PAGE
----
I’ve seen this film many times, and I never seem to get tired of it. The jump scares are slightly less effective, but the overall atmosphere and ideas are still engrossing. Few films look quite as eerily beautiful as this, working with minimal light, the film looks like a series of old sepia pictures rather than reality (paralleling a similar discovery within the film), and it seems that every last shot is perfectly constructed to look like a painting.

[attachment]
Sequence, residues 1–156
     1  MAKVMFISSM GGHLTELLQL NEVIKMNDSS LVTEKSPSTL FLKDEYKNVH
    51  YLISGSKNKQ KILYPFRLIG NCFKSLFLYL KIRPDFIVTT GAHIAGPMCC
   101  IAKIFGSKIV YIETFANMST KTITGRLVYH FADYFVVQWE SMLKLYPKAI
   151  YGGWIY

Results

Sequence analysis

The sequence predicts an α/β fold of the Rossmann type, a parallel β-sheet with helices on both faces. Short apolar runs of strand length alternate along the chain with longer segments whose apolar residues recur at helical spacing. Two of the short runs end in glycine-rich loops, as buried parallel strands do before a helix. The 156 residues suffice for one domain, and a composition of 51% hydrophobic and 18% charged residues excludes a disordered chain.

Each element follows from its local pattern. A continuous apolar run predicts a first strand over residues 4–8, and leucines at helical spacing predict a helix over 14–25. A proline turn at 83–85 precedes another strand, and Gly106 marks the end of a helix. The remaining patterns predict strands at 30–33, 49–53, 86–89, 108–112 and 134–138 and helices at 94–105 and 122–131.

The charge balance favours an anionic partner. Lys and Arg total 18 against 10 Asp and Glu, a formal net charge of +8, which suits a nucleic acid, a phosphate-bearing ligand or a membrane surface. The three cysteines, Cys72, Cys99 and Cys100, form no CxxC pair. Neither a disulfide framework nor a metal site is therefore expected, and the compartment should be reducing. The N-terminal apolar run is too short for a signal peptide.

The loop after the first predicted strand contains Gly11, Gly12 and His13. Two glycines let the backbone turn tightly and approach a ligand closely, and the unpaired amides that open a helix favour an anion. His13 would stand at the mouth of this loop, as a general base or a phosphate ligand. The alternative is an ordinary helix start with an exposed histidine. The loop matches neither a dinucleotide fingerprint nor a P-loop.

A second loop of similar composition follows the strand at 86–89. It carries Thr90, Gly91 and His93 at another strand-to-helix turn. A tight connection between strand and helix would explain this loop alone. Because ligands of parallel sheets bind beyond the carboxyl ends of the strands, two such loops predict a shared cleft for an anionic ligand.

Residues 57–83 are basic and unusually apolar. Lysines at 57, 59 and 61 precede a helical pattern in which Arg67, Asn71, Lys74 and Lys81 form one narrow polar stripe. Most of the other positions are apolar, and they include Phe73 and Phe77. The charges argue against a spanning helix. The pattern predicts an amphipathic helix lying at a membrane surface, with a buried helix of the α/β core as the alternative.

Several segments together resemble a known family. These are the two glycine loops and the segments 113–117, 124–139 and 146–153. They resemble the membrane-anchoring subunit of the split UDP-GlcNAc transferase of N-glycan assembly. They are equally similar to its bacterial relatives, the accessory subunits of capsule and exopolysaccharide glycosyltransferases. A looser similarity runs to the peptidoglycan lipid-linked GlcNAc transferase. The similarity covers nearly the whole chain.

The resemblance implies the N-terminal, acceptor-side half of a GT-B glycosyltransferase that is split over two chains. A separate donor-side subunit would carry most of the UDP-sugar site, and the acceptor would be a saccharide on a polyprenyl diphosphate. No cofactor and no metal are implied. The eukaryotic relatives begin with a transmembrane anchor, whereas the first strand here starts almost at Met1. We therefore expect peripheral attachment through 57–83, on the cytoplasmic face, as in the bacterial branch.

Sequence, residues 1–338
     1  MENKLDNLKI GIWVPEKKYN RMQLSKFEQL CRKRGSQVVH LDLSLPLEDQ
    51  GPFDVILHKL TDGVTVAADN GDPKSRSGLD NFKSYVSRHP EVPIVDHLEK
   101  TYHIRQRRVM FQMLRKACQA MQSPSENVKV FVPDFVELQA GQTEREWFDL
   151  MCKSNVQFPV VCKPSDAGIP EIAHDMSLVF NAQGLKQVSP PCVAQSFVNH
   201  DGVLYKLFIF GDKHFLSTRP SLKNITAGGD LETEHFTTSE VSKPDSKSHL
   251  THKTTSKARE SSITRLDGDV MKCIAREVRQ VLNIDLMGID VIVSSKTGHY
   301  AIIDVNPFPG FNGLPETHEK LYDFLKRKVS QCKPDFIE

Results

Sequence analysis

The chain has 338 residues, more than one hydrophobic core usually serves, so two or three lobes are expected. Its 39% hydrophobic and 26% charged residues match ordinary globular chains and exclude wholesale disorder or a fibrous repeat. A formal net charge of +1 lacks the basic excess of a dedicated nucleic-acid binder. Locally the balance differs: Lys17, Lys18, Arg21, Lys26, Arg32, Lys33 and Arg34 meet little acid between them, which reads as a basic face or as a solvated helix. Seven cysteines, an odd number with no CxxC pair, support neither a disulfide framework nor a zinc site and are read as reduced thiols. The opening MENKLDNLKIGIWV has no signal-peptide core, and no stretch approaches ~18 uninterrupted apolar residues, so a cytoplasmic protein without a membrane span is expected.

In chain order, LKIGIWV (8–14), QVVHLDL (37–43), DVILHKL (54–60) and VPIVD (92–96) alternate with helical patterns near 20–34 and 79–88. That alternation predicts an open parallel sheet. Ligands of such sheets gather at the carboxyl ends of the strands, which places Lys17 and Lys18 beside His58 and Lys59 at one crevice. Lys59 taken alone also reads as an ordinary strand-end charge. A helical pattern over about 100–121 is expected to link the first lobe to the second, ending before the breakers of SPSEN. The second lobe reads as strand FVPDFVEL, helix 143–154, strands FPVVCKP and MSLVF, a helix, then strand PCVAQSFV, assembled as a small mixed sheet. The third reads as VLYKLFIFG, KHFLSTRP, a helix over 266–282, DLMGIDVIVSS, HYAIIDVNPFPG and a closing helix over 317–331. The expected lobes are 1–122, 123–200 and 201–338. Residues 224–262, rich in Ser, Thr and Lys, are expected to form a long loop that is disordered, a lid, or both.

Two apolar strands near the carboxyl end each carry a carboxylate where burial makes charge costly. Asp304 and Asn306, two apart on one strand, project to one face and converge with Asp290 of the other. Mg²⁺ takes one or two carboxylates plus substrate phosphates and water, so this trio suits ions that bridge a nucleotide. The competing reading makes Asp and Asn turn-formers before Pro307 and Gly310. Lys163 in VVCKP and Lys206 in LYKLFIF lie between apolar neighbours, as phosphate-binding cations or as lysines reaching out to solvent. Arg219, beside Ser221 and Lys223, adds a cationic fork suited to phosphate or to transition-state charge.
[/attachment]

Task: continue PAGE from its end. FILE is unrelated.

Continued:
Though in recent years, the best remembered ghost film is the Sixth Sense, this one, as far as I’m concerned is not only better executed but holds up better over time. It unfortunately had similar ideas as the first, and I think suffered as a result. Still, as things go, I think it’s musings on life and death, are far more interesting and presented with better interset. I like the children better, their simplicity is endearing and their wisdom never feels “adult” as with most child protagonists. Their views on religion and good and evil are inquisitive and uninformed. Their questioning seems obstinant to the mother, a harsh and rational woman… at least within her world. Though many today see religion as being seperate from rational thinking, it seems to be within place of her own. She rationalizes everything, even her faith, the bible… everything. Death though, and after death seems far too complex an idea to reduce to a single sentence.